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Nortel Announces Board of Directors, Management Team and Organizational Changes


* Nortel Board of Directors and President & CEO Mike Zafirovski conclude company has reached natural transition point for reduction in the Board size and for Mike Zafirovski to step down
o Business has been stabilized and running well since filing
o Financial results show revenues, margins and cash up Q2 over Q1
o Organizational move to standalone businesses
o Sales Agreements for CDMA/LTE Access assets to Ericsson for US$1.13 billion
o Entered Stalking Horse sales agreements for Enterprise Solutions business
o Advancing in discussions to sell other businesses
* New Organizational Structure in place
o Proposed expanded role of the Canadian Monitor
o Process in place to identify principal officer in the U.S.
o Businesses report to Chief Restructuring Officer
o Nortel Business Services to continue serving customers through transition
o Establishment of core Corporate Group to carry forward the restructuring activities
* Business Priorities Remain Unchanged: Maximizing value through sales of businesses while maintaining customer service levels and commitments

TORONTO - Nortel* Networks Corporation (NNC) [OTC: NRTLQ] today announced a number of leadership changes and a new organizational structure designed to work towards the completion of the sales of the company’s businesses and other restructuring activities with a continued focus on maximizing value while preserving Nortel’s innovative technology platforms and employment to the greatest extent possible.

The company also released its results for the second quarter of 2009 today in a separate announcement.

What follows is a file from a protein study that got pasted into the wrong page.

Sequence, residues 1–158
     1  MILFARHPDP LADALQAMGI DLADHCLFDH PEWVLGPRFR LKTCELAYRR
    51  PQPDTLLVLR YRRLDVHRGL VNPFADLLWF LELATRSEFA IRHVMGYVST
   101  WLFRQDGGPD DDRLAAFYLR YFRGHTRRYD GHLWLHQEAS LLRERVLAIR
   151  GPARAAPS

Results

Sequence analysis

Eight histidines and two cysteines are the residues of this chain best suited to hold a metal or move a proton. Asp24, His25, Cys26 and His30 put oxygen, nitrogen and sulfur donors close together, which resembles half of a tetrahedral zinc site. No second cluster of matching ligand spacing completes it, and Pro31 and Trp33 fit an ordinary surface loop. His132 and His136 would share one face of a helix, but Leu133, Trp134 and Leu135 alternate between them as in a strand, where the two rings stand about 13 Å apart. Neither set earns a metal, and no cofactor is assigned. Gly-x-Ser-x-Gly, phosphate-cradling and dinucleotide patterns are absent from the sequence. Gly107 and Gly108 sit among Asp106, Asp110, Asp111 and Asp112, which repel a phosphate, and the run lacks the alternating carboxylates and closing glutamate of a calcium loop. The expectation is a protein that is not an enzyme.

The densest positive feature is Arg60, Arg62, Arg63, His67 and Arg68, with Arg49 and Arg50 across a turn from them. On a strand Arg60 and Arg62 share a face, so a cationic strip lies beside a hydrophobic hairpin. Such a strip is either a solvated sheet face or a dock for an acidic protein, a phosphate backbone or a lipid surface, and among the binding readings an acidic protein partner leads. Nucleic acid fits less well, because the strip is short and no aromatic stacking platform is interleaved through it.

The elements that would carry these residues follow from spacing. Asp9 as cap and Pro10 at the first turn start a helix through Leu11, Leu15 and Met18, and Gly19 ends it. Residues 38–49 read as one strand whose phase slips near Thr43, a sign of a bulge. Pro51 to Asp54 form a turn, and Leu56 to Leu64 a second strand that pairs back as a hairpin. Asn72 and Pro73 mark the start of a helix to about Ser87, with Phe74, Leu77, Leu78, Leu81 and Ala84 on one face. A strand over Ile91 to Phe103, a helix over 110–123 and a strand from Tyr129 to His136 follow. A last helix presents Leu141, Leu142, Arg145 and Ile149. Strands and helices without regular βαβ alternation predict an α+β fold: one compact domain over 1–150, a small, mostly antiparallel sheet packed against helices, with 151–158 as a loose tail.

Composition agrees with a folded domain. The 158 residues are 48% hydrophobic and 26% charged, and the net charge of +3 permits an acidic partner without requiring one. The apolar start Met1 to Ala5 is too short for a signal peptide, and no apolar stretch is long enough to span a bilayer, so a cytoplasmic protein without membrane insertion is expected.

“Since filing for creditor protection, the company has been successfully stabilizing its businesses and maintaining customer commitments and innovation platforms. Results for the second quarter demonstrate solid financial performance over the first quarter, while customer metrics remain strong,” said Nortel President and CEO Mike Zafirovski.

Mr. Zafirovski continued: “We have taken many steps. We have completed the organizational moves of Nortel’s businesses to vertically integrated, standalone business units, and on June 19th, we announced that we would work to maximize value through the sale of these businesses. We have sales agreements with Ericsson for US$1.13 billion regarding the CDMA/LTE Access business, including preserving 80 percent of the jobs associated with that business. We also have a stalking horse agreement for the sale of our Enterprise Solutions business and we are in active discussions for our other businesses. The direction has been set and we are now at a natural transition point as we continue to service customers, maximize value through sales and continue restructuring activities.”

“The Board of Directors has reviewed the status of the sales process for the businesses and the go-forward plans for the transition and corporate services groups discussed below and are confident these are the right plans at the right time with the right leaders going forward.”

Executive Leadership and Board of Directors

For the reasons highlighted above, the Nortel Board of Directors and President & CEO Mike Zafirovski believe the company has reached a natural transition point. Effective today, President and CEO Mike Zafirovski will step down. Also effective today, the Boards of Directors of NNC and Nortel Networks Limited (NNL) will reduce from nine to three members: John A. MacNaughton, Jalynn H. Bennett and David Richardson, with Mr. Richardson serving as Chairperson. These individuals will also serve as members of NNC’s and NNL’s audit committees.

“We’ve reached a logical departure point,” said Harry Pearce, Chairman of Nortel’s Board of Directors. “Mike made a commitment to see the process through the stabilization of the company, sale of its largest assets and the right plans and people to continue operating our business and serving customers. He has done so. I appreciate the commitment and passion he brought to this company since day one, including his guidance through the extremely difficult decisions we faced since filing for creditor protection. I also wish to recognize the enormous commitment and dedication of the departing members of the Board who really believed in and worked hard for Nortel.”